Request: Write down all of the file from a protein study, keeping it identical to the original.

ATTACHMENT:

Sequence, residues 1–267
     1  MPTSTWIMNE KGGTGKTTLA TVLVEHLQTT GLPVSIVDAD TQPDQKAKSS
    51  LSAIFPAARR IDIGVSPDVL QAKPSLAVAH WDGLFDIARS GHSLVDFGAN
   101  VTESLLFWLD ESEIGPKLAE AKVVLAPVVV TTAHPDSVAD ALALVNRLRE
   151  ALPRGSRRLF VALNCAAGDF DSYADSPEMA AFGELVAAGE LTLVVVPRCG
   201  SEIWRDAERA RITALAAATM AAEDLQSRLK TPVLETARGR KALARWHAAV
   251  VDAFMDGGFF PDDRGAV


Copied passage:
Sequence, residues 1–267
     1  MPTSTWIMNE KGGTGKTTLA TVLVEHLQTT GLPVSIVDAD TQPDQKAKSS
    51  LSAIFPAARR IDIGVSPDVL QAKPSLAVAH WDGLFDIARS GHSLVDFGAN
   101  VTESLLFWLD ESEIGPKLAE AKVVLAPVVV TTAHPDSVAD ALALVNRLRE
   151  ALPRGSRRLF VALNCAAGDF DSYADSPEMA AFGELVAAGE LTLVVVPRCG
   201  SEIWRDAERA RITALAAATM AAEDLQSRLK TPVLETARGR KALARWHAAV
   251  VDAFMDGGFF PDDRGAV